Just Like Daddy

I have a new yardman. He is blonde, tan, strong and handsome. The other day, as he mowed my lawn, I snapped pictures of him.

Did I mention he is seven years old?

From the time he could walk, Foster has “helped” his daddy mow our lawn. He faithfully pushed his Little Tykes mower behind Mark, trying to follow in his father’s footsteps. For years now, he has dreamt of the day when he could do his daddy’s work. And now, with supervision, he can.


And he does a great job, too! Mark has patiently taken the time to teach him how to start the mower, how to mow in a straight line, and how to overlap the edges so stray pieces of grass aren’t missed. Foster is proud to be doing a man’s work. And Mark is proud to have a son who wants to be like his daddy. As he watched Foster mow our lawn the other day, he smiled and said, “That’s my boy!”

But the Daddy imitation doesn’t stop with the lawn. Foster wants to hunt like his daddy, fish like his daddy. We’ve even caught him preaching sermons like his daddy on more than one occasion. He admires his daddy, and he wants to be just like him. I think that’s probably about the biggest compliment a child can give a parent, don’t you?

It’s natural for a child to want to be like the parent. I can remember longing for the day I could wear lipstick and high-heeled shoes, like my mama. I can remember wanting to touch the sky like my daddy. (Yes, in my mind, he could touch the sky.) I hope I turned out with some of their wonderful qualities.

As much as it brings joy to my heart to see Foster imitating his daddy, it also brings a question.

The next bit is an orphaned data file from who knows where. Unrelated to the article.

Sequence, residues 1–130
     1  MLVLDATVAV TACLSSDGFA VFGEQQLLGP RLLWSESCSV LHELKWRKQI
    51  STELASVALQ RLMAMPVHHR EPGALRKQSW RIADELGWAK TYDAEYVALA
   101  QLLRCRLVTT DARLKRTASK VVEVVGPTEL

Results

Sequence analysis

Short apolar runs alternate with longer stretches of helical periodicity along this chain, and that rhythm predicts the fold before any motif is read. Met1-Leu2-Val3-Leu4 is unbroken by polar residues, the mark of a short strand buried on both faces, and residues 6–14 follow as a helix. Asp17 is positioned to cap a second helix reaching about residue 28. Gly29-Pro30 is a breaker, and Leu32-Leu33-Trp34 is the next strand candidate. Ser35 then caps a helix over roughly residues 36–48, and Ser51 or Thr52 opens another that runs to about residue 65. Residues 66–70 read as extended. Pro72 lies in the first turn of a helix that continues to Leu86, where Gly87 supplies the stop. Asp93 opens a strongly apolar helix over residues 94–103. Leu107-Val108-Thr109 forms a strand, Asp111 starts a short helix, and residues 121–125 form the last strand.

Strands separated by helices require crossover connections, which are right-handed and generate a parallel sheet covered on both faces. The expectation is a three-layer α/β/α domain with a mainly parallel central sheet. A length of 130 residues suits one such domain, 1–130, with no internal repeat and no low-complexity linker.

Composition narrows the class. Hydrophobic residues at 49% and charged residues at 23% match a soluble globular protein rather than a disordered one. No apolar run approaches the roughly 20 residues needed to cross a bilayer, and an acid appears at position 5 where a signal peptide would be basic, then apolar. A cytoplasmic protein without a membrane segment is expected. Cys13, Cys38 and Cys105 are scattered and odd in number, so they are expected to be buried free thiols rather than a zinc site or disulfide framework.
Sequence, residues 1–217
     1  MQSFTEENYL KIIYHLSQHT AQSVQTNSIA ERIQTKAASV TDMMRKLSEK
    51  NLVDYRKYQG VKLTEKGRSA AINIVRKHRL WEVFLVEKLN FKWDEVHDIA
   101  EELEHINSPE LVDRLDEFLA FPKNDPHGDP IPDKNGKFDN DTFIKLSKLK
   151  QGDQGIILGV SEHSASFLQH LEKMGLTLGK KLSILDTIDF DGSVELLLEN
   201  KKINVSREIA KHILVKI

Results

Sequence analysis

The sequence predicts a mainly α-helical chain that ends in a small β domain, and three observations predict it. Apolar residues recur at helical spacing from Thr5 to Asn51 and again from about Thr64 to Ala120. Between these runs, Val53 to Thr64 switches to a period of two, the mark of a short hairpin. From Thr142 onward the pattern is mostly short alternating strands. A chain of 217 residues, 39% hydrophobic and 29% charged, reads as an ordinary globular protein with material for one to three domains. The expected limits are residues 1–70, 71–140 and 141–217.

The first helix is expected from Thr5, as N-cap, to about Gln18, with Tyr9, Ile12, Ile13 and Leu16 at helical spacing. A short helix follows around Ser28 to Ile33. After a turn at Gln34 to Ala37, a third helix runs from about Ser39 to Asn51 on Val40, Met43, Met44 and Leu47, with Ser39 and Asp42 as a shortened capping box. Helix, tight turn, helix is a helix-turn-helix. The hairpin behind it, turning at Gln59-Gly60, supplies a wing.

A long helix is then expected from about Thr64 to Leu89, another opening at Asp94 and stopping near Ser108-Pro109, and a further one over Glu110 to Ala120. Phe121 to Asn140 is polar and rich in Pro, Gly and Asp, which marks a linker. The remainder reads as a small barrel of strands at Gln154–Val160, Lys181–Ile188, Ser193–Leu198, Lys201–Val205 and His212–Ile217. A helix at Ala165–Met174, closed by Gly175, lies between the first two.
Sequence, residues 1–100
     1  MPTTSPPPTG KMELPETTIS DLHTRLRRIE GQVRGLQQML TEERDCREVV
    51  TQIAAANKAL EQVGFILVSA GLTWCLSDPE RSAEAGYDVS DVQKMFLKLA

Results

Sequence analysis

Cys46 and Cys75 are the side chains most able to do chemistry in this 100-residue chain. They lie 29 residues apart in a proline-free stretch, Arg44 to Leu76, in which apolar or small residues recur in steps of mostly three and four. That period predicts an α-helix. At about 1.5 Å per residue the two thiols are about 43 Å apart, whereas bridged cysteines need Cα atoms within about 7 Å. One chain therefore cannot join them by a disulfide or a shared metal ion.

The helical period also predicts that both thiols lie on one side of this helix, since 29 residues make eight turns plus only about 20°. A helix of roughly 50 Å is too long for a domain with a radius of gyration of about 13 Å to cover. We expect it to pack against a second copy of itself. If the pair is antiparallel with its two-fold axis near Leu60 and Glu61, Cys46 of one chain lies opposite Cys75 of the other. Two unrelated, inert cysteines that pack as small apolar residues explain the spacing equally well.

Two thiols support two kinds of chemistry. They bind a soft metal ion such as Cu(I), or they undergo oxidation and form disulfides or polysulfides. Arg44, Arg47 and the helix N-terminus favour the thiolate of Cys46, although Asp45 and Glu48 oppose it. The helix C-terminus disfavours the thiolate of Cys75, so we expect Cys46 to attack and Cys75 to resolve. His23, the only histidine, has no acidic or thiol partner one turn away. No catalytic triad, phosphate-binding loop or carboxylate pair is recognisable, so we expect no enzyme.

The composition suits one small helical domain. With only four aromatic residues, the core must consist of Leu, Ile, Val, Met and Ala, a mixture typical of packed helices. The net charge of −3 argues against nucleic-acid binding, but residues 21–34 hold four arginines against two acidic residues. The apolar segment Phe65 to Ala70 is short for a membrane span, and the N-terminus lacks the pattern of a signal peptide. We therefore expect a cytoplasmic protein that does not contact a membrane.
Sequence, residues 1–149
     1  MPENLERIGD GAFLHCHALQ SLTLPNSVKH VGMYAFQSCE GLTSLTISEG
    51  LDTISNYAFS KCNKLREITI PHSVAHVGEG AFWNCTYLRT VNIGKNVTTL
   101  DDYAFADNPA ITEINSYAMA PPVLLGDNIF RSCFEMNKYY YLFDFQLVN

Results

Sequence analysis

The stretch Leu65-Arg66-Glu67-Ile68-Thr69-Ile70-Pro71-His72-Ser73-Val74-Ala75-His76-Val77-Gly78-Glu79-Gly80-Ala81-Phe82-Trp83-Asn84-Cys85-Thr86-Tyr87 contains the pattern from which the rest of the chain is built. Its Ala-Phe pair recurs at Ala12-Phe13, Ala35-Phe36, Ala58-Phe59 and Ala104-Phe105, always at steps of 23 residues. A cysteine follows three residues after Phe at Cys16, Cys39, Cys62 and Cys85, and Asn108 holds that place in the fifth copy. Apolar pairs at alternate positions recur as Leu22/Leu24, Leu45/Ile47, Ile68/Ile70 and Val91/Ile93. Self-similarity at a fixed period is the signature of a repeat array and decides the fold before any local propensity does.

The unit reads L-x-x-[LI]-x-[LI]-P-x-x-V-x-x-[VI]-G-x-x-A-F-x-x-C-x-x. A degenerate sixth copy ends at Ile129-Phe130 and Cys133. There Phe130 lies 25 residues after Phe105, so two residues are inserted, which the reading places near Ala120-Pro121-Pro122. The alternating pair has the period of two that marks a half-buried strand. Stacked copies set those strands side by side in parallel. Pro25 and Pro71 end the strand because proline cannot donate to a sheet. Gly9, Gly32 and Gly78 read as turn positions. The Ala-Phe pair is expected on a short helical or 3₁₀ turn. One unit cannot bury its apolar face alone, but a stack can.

Am I imitating my Father?

Oh, I say I want to be godly and compassionate and merciful and kind. But all too often, I find I am just the opposite. I find I am ungodly. I gossip. I judge people. I respond harshly, instead of with patience and compassion. Though I want to imitate my heavenly Father, I often fail.

But then, I remember the years when Foster followed Mark with that Little Tykes mower. I remember he often lost interest after a few minutes. Sometimes, he would trip and fall. Though he wanted to imitate his daddy, he didn’t do it perfectly. It took him a while to learn. He’s still learning. And though Foster wasn’t a perfect replica of his daddy, it still brought joy to Mark’s heart, just to know that Foster was trying, just to know that he wanted to be like his dad. Mark has patiently taught him what he needs to know, and now Foster shows great promise as a lawn boy.

I think God must be that way, too. He knows we aren’t perfect. He knows we are going to get distracted and make mistakes and fall down sometimes. But He sees our hearts, and when He sees that we truly want to be like Him, it makes Him smile. He patiently picks us up, sets us back on the right path, and continues to teach us. And somehow, miracle of all miracles, He looks at a heart that longs to imitate Him and He sees promise. He sees potential.

I want to be like my Father. I really do. And I hope that someday, somehow, I will be able to make Him proud as He says, “That’s my girl!”

“And He said to them, ‘Why did you seek Me? Did you not know that I must be about My Father’s business?’” Luke 2:49

3 Responses to Just Like Daddy

  1. June 30, 2009 #

    Hi Renae, Great post and I love the new site!

  2. July 8, 2009 #

    Love your new site and your new profile photo. Congratulations Renae.

  3. July 13, 2009 #

    Thanks, Lilly and Pam! I’ve been out of touch lately – sorry it took so long to respond to these comments. 🙂

Leave a Reply

This site uses Akismet to reduce spam. Learn how your comment data is processed.